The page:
Who would make the better King, Hamlet or Claudius? Compare and support the reasons as to who would be the better choice of King

In an effort to prove his own worthiness as king, Claudius murders his brother, the King, and usurps the throne. By killing his own uncle, Claudius seals his fate to be overthrown by Hamlet. Hamlet is a prince who cares deeply for his subjects and honors the memory of his father. When Claudius poisoned King Hamlet he stole away the kingdom from a man whom all loved and admired. This was seen when Horatio told of what a good king he was and how much the people loved him. He died because of this evil man who murdered him so that he could get what he wanted. He killed a noble king not for love of Denmark or for any other noble cause but for power alone.

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Hamlet would make the best king in that his actions are consistently based on a strong consideration of right vs. wrong. Hamlet is a highly intellectual character who agonizes over decisions that impact others knowing that his actions are not isolated reactions to his own reality, but rather, in his...

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Hamlet would make the best king in that his actions are consistently based on a strong consideration of right vs. wrong. Hamlet is a highly intellectual character who agonizes over decisions that impact others knowing that his actions are not isolated reactions to his own reality, but rather, in his role as prince his actions have consequences that reach beyond his own desires and present conflict. While Hamlet’s contemplative nature is not without its pitfalls, Hamlet’s flaw (inability to take action) springs from his immaturity, while Claudius’s comes from a rottenness of heart. Overall, when considering either’s suitability for leadership, a king who toils over the long term impact of his decisions and consistently approaches situations with a commitment to the greater good of his subjects will sooner win the loyal hearts of the kingdom than a man of self-serving action.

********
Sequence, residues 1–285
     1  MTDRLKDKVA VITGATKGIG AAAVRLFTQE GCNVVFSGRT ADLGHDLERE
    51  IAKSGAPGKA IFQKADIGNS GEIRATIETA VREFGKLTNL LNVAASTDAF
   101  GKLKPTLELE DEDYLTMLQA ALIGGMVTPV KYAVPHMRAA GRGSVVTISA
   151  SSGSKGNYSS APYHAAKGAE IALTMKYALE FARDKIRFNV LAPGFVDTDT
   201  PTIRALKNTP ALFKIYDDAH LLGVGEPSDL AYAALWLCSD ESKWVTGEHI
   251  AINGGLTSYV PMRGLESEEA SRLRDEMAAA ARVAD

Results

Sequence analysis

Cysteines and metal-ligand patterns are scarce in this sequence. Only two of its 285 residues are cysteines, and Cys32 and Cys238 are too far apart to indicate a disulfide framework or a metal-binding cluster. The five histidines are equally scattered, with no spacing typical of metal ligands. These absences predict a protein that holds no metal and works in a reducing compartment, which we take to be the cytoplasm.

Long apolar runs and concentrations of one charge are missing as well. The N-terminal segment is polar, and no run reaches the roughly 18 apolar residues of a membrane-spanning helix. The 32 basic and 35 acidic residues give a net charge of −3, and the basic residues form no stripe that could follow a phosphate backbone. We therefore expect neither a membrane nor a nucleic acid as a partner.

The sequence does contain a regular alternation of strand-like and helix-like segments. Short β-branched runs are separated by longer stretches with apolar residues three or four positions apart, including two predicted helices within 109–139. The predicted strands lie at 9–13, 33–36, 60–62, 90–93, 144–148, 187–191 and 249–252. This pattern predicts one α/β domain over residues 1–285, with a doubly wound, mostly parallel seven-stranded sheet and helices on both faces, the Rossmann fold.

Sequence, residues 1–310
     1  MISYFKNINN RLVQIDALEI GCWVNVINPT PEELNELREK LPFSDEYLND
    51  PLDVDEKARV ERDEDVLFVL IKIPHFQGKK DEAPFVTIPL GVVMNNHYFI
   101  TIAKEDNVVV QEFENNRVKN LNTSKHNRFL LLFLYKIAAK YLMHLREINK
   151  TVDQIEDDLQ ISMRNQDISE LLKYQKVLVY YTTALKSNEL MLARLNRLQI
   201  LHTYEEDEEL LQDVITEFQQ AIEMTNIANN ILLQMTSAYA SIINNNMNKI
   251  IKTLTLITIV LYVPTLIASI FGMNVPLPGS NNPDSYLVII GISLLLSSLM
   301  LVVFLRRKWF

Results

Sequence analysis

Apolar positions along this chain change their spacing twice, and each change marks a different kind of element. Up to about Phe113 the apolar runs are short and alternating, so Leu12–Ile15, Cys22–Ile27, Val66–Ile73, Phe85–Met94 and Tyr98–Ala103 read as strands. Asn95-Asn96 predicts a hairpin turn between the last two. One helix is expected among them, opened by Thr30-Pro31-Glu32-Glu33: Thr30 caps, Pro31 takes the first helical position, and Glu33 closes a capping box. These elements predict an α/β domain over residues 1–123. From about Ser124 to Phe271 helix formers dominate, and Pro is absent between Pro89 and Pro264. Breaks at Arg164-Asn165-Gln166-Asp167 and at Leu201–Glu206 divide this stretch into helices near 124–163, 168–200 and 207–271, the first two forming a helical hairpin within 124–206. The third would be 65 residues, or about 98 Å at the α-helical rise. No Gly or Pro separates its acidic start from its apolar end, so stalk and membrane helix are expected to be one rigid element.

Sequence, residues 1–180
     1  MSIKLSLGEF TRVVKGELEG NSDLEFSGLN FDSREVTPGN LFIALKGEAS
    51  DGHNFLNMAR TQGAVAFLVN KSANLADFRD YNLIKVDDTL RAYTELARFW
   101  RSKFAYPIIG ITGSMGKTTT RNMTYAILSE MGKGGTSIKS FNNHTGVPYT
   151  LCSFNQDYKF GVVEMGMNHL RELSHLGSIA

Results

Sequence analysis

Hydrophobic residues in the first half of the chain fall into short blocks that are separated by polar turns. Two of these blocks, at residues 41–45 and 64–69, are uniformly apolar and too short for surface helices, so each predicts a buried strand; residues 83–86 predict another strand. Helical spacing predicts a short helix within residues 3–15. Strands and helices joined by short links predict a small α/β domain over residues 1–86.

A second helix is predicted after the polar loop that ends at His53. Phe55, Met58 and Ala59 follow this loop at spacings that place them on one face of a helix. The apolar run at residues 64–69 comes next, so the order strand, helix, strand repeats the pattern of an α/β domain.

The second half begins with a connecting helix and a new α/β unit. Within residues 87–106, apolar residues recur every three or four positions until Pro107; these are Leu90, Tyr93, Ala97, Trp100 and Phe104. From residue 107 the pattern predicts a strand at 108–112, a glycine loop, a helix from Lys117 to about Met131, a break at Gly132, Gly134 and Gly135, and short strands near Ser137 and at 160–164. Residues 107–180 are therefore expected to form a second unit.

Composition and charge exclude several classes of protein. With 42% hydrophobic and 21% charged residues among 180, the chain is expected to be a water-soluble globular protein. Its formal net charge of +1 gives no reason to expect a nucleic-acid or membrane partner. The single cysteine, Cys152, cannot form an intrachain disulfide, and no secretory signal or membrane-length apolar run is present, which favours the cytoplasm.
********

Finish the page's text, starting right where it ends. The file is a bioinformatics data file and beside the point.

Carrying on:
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Honestly, I don't think either of them would make a good king, but if pressed, I'd have to say Claudius.

Claudius saw what he wanted (the kingship and Gertrude), and he acted to get it. Once he was king, he acted to solidify his power, but didn't act maliciously until the end of the play. By that I mean, he had Hamlet observed, not assassinated, in the mid-play. Only at the end of the play did he move to action that way, and when he did, he tried to set it up again so that he survived. He set up someone else (Laertes) to kill Hamlet at the play's end, then tried to stack the deck with poison. Claudius is immoral, but he does act.

By contrast, Hamlet waffles. His father charged him with vengeance, and even though the ghost gave him supernatural knowledge, he has to test it. He has to confirm that his dead father's ghost is telling the truth. He also doesn't kill Claudius because Claudius is praying. He also makes mistakes when he does act. The biggest of these is killing Claudius. Finally, in playing mad he damages his reputation for the future. People might follow a harsh king (Claudius), but who would follow a mad, waffling king?

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